i) PT ten years ago did not carry the same cache that the occupation now enjoys. Working, which was definitely male-dominated work, was considered a bit more unusual. It was not as glamorous as it is now – Instagram as a fitness marketing tool for one did not exist. Nowadays, being a PT is associated with beach training, raw juice pressed from the tap, and gorgeous bodies clad in expensive sportswear, not to mention crisp designer sneakers. For some lucky people, this may be the case, but in most cases it can't be longer than I have written about in my blog. It's hard to train to build a sustainable sports company as a personal trainer!
ii) Gender exchange may be a generalization, but in my experience, women mostly did cardiovascular training and men did weight training. As a PT, it was not easy to persuade a woman to force her into the male-dominated free-weight range. There was an eternal fear of "bulking up". I remember walking clearly into the weighing range and asking me one pretty stacked guy if I was lost. I think that encouraging women to do weight training has given them strength, women feel badly in the front, and that has certainly led to more fun, diverse and effective workouts. For men, I see a change that is more acceptable and "normal" to focus on awareness, yoga, meditation, etc. So in general, men and women are united somewhere in the middle.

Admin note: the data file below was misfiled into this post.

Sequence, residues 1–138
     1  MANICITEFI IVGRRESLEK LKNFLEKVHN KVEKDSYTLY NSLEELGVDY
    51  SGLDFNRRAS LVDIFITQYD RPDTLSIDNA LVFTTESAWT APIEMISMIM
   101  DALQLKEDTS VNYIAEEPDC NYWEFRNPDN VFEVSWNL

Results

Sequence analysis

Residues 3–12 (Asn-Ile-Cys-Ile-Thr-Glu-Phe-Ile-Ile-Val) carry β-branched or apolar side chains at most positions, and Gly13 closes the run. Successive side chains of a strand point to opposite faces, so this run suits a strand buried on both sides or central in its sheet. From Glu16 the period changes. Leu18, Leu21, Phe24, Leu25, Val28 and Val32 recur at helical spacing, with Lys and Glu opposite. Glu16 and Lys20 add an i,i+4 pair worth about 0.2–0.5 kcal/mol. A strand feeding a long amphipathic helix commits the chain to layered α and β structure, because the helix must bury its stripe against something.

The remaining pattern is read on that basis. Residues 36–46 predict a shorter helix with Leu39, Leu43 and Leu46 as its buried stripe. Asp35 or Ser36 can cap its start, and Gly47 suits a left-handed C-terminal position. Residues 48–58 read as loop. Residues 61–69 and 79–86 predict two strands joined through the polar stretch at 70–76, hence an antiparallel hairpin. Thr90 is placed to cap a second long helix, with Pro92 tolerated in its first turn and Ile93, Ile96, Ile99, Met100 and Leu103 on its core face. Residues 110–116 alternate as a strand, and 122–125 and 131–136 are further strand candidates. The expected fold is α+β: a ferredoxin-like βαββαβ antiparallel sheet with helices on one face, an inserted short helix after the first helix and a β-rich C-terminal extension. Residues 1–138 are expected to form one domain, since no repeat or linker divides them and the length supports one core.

iii) "Information overload" – With the explosion of fitness, yoga, and fitness studios, etc., people are becoming more aware through osmosis than before. There is a real thirst for knowledge. People ask not only what they should train, but also why. This is something that rarely happened a few years ago. This has also led to misinformation; the ubiquitous nature of advice is a potential threat to those who are unaware of the risks, and unqualified "counselors" can easily be raised in a new social media world that introduces additional risk factors to people's well-being and training regimes.